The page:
Starting a Welding Business

Knowing how to weld a tight bead is just one part of the welding business. If you’re interested in opening your own shop, you’ll need to consider a whole lot more than whether or not you enjoy the work.

Operating your own shop involves both creating high quality welds and sound business planning. Even if your shop will remain a small operation, you’ll need to create a simple business plan and develop a list of the materials you’ll need.

This article will explain what you need in order to plan a welding business, but keep in mind that entire books have been written on this topic. There will be additional resources at the end.

Before You Weld: General Business Advice

Plan Your Finances

If you’re launching a business, chances are that you want to make enough money in order to support yourself and possibly a family. You’ll need to anticipate expenses, initial costs for starting up, and how much you can borrow as a loan.

Banks will hand out credit cards for your business, but beware borrowing too much money up front. It is far better to rely on your own savings and possibly investors if you anticipate launching a large business.

If you don’t think you’ll have cash on hand, consider adding a side job that can help pay the bills. While you don’t want to start working for the competition and then steal their customers, some shops may need a part time welder. This will keep you in the black during the lean months of your launch.

Pick a Unique Business Name

If your name is Bob Lincoln or Andy Miller, you probably shouldn’t use your last name before the word “welding” in your business. Lincoln Welding and Miller Welding are already well known company names. Pick something unique that is clear and simple. Customers should not be confused by your name. A confused potential customer will most likely not become a customer.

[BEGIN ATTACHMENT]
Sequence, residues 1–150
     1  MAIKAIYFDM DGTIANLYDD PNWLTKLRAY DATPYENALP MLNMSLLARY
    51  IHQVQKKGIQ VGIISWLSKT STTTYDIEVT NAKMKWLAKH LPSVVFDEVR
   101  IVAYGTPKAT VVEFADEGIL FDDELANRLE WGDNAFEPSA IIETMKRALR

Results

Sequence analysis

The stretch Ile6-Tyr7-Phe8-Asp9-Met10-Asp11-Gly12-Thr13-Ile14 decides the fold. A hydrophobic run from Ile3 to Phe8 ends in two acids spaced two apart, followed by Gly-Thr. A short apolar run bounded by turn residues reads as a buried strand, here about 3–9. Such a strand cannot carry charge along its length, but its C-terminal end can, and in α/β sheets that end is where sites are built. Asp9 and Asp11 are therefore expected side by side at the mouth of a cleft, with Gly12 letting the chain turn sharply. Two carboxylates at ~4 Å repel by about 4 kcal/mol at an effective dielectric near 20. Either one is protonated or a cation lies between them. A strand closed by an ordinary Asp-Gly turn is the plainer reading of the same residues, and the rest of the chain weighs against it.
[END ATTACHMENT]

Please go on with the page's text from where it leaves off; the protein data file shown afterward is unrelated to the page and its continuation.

If you plan on specializing in mobile welding or automotive welding, consider including that in your name. However, remember that a name may limit your future options. A construction company that needs an extra welder may not contact you if they think you only do automotive welds based on your company’s name.

Write a Business Plan

A business plan begins with an executive summary that identifies your company’s mission and your target markets. You need to strongly identify the core mission of your business and what you do best.

Identify your competition and the need for your business in the market. Consider the needs and opportunities in your community. If there already are several small welding shops, consider ways you can either go mobile to take advantage of the work they aren’t finding or look into larger projects that they can’t handle in their shops. If there are large companies in your area, think of ways you can run a small operation that beats the competition’s price every time.

You need to have a clear idea of how you’ll make money. That means you need a clear idea of how you imagine the company growing and how you hope to keep your expenses below your income. One of the first things you need to figure out is how much to charge for your jobs.

Many welders have a set rate that’s anywhere from $25-$35 per job no matter how small it is. That will save you a lot of time and money by weeding out the small jobs that won’t earn you a profit. When running your own business, the question isn’t whether you’re busy. It’s whether you’re making money.

If you need to figure out an hourly rate, ask other welders in your area and at online forums. For example, Welding Tips and Tricks recommends the following breakdown: “For tig welding start at one dollar per inch of weld plus a dollar per tack weld. (Remember that for round parts, multiply the diameter by 3.14) … For multipass welds like for pipe welding, figure in every pass. For example for 6 inch schedule 40 pipe, it might take 3 passes. That is approximately 18 inches per pass. 3 x 18 =54. Add another 4 dollars for 4 tacks and you are up to 58. 58 bucks per 6 inch pipe weld. Sounds a little low to me but it’s a starting place.”

How Will You Manage Your Welding Business?

Even if your business is yourself and a few welding machines, you need to think about how you’ll manage your day to day operations. Will you eventually hire staff? How will you send invoices? How will you keep track of your customers and jobs?

How Will You Market Your Welding Business?